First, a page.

So Much For the End of the War on Terror

Remember when Barack Obama was going to end the War on Terror? Well today, not only did the U.S. launch air strikes within Syria to target ISIL, we also struck against the Khorasan group, a small al-Qaeda offshoot that was purportedly plotting to blow up American airplanes, and the al-Nusra front, an al-Qaeda affiliate in Syria.

Back in May of last year, Obama gave a speech meant to signal a break with the prior twelve years, in which he said, "we must define our effort not as a boundless 'global war on terror,' but rather as a series of persistent, targeted efforts to dismantle specific networks of violent extremists that threaten America." One could argue that that's a distinction without a difference, that it's only about rhetoric. You might also say that the War on Terror isn't so much a set of military actions as it is a mindset. It's the state of being terrorized, in which the nation is constantly on the edge of panic, willing to approve almost anything in the name of staying "safe" from a threat that not only never disappears, but never even lessens. In other words, living within the War on Terror means we're all Lindsey Graham (the senator recently said of the dire threat from ISIL, "This president needs to rise to the occasion before we all get killed back here at home").

But when Obama expressed his desire to move beyond the War on Terror, there was an implication that while we might be taking plenty of small, targeted military actions against terrorists, it wouldn't define our foreign policy. Most Americans wouldn't even have to think about it—oh, there was a drone strike in Yemen? Who are we fighting there again? Nevermind.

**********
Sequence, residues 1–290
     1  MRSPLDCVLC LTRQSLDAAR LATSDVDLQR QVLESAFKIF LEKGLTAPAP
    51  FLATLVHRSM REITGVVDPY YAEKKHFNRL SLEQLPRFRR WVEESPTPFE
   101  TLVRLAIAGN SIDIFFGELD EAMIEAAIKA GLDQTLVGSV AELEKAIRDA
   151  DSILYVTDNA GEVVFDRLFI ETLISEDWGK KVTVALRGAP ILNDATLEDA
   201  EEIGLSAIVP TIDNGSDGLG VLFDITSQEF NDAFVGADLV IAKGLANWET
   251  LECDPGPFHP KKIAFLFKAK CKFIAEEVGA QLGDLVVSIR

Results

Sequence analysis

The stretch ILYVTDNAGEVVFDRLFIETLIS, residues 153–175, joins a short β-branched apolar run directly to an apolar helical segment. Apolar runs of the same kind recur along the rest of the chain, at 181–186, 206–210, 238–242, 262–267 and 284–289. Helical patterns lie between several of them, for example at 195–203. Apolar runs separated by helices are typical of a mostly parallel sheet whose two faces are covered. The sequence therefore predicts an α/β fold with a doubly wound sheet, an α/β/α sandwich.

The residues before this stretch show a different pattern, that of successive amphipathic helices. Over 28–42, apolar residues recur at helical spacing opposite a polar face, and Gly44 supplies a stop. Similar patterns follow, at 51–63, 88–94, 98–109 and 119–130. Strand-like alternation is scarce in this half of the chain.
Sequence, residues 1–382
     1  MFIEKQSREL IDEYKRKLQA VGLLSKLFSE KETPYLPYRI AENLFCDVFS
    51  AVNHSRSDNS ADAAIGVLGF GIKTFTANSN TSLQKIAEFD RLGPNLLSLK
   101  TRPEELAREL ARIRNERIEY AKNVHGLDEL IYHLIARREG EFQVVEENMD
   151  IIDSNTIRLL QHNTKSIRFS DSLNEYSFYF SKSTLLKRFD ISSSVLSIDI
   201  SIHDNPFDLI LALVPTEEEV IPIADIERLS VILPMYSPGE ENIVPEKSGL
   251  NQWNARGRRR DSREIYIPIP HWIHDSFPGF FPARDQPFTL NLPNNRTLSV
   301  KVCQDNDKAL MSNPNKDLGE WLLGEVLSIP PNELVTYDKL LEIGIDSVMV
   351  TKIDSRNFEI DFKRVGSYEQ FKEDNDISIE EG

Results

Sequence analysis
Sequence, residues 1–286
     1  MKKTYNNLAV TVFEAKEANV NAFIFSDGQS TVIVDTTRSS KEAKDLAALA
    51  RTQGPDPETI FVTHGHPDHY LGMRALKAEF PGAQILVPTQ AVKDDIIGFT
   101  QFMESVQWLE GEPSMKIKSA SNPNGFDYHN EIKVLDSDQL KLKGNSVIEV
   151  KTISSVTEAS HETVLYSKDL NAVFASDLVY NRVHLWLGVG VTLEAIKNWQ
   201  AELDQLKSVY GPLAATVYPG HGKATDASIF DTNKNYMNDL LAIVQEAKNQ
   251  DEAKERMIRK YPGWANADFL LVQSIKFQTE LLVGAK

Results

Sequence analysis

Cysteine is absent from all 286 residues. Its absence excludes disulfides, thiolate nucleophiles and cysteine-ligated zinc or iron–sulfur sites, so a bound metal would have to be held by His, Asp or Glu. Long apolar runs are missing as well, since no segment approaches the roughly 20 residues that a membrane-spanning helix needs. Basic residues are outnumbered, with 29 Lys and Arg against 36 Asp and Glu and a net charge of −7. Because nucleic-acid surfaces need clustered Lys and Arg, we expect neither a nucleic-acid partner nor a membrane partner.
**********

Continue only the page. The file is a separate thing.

Yet here we are, beginning a large-scale campaign against a terrorist group, and fighting some other terrorist groups while we're at it. And despite all his efforts at restraint, President Obama has probably overpromised what we can accomplish by saying our goal is to "destroy" ISIL. Whether that was required politically (all presidents have to promise victory, after all), no one seems to think it'll happen any time soon. The fact is that it's not just hard but perhaps impossible to completely destroy a terrorist group, because all it needs to continue to exist is a couple of guys who call themselves by the group's name. We've spent billions and expended untold effort trying to destroy al Qaeda, and for all the progress that has been made against them, including killing their former leader Osama bin Laden, al Qaeda still exists. We could help Iraq take back all the territory ISIL now controls, and the group still wouldn't be destroyed.

And one thing we do know is that American military actions create enemies, enemies that often see terrorist attacks as the only means they have of striking back against the world's most powerful country. Until the last couple of days, 99 percent of Americans had never heard of the Khorasan group, whose members number only in the dozens. We can kill every one of them, and others will take their place. Guantanamo is still open, the 2001 and 2002 AUMFs are still in force, Republicans are still crying "We're all gonna die!", the huge security state we built after 9/11 hums along, and not much has changed. 

So it increasingly looks like Barack Obama's foreign policy will be defined by the War on Terror, even if we don't call it that. It's just part of the miserable legacy his predecessor bequeathed to him, and he'll be passing it along to his successor.